Hallelujah on high, this week has been a windfall of medical leaps and bounds! First, this guy voluntarily had his hand amputated so he could be fitted with a bionic limb, and now this. Televangelists"healers", take note.
In what's being touted as a breakthrough for people suffering from spinal-cord injuries, a man paralyzed from the chest down has regained the ability to stand and take his first hesitant steps in four years, thanks to a team of researchers from the University of Louisville, UCLA and the California Institute of Technology (Caltech).
The team used an array of stimulating electrodes implanted into 25-year-old Rob Summers (photo), who suffered a complete motor injury at the C7/T1 level of the spinal cord after a hit-and-run accident in 2006. The electrodes mimicked signals the brain usually sends to initiate movement and provided direct electrical stimulation to the lower part of the spinal cord that controls movement of the hips, knees, ankles and toes.
Rather than bypassing the nervous system to directly stimulate the leg muscles, the electrodes stimulated the spinal cord's own neural network that, when combined with sensory input from the legs, was able control the muscle and joint movements necessary to stand and and step with assistance on a treadmill.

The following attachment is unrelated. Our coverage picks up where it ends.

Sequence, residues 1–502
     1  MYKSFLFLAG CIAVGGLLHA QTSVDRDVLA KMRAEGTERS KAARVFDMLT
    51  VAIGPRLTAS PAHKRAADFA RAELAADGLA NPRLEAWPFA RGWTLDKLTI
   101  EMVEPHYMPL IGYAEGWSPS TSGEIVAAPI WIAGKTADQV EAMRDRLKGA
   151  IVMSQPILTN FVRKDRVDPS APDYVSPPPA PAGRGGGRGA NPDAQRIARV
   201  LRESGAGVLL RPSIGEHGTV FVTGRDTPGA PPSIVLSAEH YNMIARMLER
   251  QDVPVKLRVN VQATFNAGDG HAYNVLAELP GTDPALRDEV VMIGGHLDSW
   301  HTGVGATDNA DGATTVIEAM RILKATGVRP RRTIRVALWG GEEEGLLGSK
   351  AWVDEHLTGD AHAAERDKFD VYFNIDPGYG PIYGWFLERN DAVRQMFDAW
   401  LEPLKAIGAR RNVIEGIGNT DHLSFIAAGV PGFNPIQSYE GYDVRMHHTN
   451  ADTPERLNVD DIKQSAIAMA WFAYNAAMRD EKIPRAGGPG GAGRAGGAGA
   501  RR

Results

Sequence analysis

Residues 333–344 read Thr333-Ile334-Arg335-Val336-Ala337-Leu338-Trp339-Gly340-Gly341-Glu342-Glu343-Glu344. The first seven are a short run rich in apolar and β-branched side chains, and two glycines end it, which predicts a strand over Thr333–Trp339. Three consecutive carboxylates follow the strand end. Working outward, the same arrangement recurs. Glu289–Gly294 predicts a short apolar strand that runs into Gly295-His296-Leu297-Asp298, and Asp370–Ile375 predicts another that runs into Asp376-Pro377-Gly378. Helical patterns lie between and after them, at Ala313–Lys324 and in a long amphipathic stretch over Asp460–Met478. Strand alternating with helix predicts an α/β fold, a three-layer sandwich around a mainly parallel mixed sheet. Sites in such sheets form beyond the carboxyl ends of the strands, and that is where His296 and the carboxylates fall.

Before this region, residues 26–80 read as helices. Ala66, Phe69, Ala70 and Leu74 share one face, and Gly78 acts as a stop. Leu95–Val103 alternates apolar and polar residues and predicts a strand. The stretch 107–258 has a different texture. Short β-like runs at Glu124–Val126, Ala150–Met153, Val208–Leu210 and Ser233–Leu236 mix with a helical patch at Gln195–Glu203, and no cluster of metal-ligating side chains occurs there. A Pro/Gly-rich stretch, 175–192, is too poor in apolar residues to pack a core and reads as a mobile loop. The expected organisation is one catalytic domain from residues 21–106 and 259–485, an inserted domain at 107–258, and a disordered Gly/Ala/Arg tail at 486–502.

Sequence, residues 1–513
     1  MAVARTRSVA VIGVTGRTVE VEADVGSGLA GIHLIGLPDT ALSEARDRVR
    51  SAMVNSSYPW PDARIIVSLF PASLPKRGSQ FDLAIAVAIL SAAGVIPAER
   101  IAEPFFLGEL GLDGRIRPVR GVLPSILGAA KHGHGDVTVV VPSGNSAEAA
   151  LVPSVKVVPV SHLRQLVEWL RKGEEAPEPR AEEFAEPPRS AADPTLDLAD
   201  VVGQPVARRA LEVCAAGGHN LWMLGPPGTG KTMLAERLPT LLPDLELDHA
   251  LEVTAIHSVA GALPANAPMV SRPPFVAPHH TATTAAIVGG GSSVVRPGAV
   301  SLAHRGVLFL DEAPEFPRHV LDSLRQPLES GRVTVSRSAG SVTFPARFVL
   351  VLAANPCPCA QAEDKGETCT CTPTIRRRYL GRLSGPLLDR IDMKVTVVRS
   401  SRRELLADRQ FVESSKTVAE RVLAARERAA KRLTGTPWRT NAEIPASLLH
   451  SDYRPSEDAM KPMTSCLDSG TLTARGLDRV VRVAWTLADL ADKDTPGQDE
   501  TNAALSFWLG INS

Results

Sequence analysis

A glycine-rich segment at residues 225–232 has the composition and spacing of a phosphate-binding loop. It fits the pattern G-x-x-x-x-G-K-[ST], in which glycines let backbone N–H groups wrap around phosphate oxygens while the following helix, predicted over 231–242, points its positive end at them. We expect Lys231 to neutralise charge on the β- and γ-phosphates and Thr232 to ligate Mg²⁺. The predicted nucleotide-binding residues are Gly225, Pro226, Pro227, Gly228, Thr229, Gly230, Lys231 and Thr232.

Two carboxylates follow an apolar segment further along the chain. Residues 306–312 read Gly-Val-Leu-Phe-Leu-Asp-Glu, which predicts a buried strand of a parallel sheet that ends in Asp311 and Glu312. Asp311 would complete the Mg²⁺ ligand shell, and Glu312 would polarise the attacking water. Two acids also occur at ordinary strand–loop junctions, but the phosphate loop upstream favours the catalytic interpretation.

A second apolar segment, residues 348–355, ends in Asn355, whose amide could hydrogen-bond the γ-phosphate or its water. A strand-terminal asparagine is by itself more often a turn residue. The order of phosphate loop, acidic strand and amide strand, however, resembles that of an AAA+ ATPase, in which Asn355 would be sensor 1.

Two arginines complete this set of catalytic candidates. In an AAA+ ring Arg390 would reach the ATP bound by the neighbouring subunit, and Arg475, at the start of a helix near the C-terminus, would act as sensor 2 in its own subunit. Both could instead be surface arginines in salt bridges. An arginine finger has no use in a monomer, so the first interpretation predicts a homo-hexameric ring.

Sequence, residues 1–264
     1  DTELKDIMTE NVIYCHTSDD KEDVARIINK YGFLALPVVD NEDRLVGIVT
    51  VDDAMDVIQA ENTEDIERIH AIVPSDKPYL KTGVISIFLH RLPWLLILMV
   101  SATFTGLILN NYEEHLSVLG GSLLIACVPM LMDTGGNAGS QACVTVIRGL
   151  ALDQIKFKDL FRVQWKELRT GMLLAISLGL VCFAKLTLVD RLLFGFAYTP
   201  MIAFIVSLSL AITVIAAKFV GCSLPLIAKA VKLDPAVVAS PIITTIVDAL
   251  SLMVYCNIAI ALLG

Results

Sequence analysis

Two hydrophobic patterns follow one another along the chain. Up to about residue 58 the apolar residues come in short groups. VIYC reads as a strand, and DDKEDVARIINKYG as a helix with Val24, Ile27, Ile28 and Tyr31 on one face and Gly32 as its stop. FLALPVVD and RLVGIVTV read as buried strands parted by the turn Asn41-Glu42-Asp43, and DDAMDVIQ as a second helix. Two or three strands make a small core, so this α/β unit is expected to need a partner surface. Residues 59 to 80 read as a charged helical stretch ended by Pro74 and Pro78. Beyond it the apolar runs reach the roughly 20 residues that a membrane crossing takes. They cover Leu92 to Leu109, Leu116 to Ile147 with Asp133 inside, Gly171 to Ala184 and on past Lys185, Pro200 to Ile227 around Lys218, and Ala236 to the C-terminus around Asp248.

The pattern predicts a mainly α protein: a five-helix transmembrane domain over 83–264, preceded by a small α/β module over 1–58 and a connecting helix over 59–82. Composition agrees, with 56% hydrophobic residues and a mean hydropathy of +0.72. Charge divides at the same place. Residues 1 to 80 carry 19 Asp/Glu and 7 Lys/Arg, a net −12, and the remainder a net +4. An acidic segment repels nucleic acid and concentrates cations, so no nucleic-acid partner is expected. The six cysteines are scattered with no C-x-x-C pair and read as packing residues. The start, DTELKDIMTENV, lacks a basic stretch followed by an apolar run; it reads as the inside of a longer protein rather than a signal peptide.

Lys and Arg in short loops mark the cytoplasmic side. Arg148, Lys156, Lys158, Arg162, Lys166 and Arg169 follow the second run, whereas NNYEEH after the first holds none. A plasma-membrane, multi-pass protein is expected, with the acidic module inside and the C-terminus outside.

"This procedure has completely changed my life," said Summers in a University of Louisville press release. "For someone who, for four years was unable to move a toe, to have the freedom and ability to stand on my own is the most amazing feeling."
The unprecedented event was the result of 30 years of research to find potential clinical therapies for paralysis. The study was published Thursday in the British medical journal, The Lancet.
"This is a breakthrough. It opens up a huge opportunity to improve the daily functioning of these individuals," concluded lead author of The Lancet article, Susan Harkema of the University of Louisville's Department of Neurosurgery. "But we have a long road ahead."
Previously, the electrode stimulation technology was shown only to work in animals. With this study being the successful in humans, researchers say their findings must be replicated in more patients and many technological questions must be answered before this epidural stimulation can be considered for wider use.
Credit: Rob Summers